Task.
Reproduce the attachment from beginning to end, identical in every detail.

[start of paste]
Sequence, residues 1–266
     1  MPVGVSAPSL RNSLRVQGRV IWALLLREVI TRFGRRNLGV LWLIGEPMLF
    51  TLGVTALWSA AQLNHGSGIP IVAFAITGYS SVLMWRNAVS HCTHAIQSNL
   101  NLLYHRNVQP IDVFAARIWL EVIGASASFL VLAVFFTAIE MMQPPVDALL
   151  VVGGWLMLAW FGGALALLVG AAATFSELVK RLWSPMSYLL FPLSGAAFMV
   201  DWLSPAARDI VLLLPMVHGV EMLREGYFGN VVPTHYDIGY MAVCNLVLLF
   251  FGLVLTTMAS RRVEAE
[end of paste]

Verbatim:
Sequence, residues 1–266
     1  MPVGVSAPSL RNSLRVQGRV IWALLLREVI TRFGRRNLGV LWLIGEPMLF
    51  TLGVTALWSA AQLNHGSGIP IVAFAITGYS SVLMWRNAVS HCTHAIQSNL
   101  NLLYHRNVQP IDVFAARIWL EVIGASASFL VLAVFFTAIE MMQPPVDALL
   151  VVGGWLMLAW FGGALALLVG AAATFSELVK RLWSPMSYLL FPLSGAAFMV
   201  DWLSPAARDI VLLLPMVHGV EMLREGYFGN VVPTHYDIGY MAVCNLVLLF
   251  FGLVLTTMAS RRVEAE